2.1 Challenges

OWASP (Open Web Application Security Project) has published a list of 10 security/privacy threats, in which IoT systems are particularly susceptible to attacks: unsecured web interface, insufficient authentication/authorization, unsecured network services, no encryption, doubts about privacy, unprotected cloud interface, unprotected mobile interface, insufficient configurability, insecure software/firmware and poor hardware security.
Within each of these categories, difficulties in addressing them were defined, and recommendations for IoT devices/software developers were proposed, which form a set of basic requirements related to the security of IoT systems [40]. In addition, a set of test tasks has been published that allow the user to check the compatibility of the created system with the security standards.
There are many methods that can be used by hackers to gain unauthorized access to private data managed by smart home systems [39, 41]. Some of these methods are passive methods that rely on reading data without modifying it. Such attacks are particularly dangerous, because they can be carried out in such a way that the user will not even know that the security of his system has been broken and unauthorized persons have access to the data stored in it. Specific scenarios of passive attacks include eavesdropping and traffic monitoring [4245].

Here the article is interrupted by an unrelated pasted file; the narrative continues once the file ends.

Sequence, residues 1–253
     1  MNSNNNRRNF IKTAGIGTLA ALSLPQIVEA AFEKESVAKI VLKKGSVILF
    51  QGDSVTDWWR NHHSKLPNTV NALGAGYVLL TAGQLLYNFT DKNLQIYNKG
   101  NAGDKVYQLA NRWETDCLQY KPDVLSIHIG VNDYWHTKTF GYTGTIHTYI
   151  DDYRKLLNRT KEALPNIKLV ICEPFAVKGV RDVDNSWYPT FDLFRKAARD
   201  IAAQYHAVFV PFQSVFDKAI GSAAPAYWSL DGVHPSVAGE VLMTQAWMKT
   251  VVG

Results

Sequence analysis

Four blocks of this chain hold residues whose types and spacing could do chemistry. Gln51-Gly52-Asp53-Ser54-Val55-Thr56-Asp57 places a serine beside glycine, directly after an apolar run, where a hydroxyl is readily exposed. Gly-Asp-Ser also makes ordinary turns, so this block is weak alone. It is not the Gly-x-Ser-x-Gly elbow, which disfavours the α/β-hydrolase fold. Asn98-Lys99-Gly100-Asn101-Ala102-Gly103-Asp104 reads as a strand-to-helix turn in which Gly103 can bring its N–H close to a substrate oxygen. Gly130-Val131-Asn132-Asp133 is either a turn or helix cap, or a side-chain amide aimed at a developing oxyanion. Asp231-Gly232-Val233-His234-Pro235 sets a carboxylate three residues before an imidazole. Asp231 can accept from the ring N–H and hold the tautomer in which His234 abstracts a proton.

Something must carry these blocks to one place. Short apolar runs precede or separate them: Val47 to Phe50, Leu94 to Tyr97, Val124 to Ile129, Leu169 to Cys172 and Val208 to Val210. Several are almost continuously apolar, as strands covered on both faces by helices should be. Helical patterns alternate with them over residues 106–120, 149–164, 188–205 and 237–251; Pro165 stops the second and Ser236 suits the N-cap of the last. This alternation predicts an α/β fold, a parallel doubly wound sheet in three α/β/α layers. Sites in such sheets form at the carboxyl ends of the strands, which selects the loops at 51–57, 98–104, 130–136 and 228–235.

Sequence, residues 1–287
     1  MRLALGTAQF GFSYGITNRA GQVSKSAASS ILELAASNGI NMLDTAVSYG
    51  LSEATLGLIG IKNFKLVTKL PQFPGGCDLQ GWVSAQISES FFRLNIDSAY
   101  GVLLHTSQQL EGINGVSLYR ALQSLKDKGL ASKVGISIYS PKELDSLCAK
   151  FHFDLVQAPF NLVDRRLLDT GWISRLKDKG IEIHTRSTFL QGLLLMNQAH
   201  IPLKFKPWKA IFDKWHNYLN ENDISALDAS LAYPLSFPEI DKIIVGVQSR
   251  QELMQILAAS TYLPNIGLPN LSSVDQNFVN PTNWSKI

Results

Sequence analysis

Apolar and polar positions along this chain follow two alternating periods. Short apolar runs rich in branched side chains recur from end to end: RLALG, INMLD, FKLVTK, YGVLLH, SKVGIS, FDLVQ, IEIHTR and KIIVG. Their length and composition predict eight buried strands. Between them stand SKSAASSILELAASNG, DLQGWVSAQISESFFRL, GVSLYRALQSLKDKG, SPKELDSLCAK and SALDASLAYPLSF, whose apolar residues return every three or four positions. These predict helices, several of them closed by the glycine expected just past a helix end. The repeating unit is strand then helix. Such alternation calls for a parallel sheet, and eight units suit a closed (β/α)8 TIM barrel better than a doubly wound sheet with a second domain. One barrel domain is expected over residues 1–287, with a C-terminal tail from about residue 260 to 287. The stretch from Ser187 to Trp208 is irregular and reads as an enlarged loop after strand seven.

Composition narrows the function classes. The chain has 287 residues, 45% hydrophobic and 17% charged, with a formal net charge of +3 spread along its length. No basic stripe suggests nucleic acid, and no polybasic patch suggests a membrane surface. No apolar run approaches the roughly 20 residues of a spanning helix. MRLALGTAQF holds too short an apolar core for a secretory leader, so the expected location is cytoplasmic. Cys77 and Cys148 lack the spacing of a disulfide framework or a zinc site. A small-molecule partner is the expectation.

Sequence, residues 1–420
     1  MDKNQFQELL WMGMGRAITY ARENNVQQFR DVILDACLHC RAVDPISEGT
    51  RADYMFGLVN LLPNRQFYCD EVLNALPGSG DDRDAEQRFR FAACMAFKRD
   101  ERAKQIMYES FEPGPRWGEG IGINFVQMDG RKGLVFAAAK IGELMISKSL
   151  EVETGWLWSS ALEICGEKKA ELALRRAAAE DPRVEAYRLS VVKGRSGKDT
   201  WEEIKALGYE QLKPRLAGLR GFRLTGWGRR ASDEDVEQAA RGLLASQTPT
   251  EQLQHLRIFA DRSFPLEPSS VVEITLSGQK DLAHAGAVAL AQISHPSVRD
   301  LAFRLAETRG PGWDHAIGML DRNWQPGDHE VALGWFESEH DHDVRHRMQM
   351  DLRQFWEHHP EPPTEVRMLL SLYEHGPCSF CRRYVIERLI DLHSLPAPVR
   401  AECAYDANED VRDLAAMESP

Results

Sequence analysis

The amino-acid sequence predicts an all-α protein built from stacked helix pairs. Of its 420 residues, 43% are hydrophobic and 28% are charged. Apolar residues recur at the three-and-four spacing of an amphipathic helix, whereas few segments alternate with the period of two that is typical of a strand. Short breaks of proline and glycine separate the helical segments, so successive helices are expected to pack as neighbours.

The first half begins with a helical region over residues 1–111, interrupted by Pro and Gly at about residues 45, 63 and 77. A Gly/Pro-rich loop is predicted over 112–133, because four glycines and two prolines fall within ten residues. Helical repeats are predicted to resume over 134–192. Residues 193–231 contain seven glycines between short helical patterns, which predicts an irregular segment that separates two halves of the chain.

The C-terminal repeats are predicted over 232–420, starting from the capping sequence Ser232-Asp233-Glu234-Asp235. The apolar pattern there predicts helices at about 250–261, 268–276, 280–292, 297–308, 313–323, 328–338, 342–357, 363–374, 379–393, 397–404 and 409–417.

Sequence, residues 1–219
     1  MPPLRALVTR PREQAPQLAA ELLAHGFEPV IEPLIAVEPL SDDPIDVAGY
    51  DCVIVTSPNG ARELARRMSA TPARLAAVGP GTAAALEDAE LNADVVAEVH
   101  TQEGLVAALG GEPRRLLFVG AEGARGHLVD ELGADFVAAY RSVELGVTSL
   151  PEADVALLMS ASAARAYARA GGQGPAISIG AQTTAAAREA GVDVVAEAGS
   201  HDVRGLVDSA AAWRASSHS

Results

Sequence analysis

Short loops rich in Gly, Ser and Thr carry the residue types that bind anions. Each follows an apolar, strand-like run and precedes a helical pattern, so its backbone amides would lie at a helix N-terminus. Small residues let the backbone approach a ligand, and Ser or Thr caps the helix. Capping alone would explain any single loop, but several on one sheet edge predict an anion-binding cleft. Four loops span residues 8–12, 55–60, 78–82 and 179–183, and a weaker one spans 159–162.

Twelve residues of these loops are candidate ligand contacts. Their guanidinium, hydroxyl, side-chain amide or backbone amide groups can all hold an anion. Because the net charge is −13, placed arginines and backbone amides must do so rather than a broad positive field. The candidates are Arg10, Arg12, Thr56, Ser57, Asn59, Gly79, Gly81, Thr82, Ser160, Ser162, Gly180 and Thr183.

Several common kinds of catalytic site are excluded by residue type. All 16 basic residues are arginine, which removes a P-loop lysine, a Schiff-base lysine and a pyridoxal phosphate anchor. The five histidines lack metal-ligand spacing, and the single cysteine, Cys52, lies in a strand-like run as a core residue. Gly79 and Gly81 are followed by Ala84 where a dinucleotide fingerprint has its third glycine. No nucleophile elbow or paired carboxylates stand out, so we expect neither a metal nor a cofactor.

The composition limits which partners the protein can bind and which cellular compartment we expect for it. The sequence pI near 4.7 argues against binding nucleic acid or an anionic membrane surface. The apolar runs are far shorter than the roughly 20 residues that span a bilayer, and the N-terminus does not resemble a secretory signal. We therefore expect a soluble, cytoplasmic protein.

Eavesdropping consists in intercepting data sent over the network. HAN networks are particularly vulnerable to such attacks due to the fact that they use mainly wireless communication, and in addition, protocols used for transmission are often very poorly secured [46]. This is due to the fact that in HAN networks, the nodes often have limited computing power, which means that it is not possible to implement full versions of network protocols. Confidential data captured from smart home systems usually allow to take detailed information about user activity. An example of this can be a system of smart locks, controlled by smartphones, using the Bluetooth LE standard, which transmit the user’s password in an unencrypted form. This type of system can easily be taken over by unauthorized persons (after the password has been taken over using a sniffer). Professional devices (sniffers) designed for testing of created systems can be used to carry out such attacks.
By using Traffic monitoring the attacker does not get access to the data itself, but on the basis of their flow is able to draw conclusions about the system user’s activity [47]. An example is the analysis of network traffic leading to the detection of repeated patterns of the absence of household members. This kind of information can be used for physical attack on the house.
Passive attacks can be carried out both in the physical layer (e.g., sniffing—interception of network traffic, jamming—interference with the wave by radio waves interfering with waves sent by nodes or spoofing—impersonation of another device), as well as in higher layers.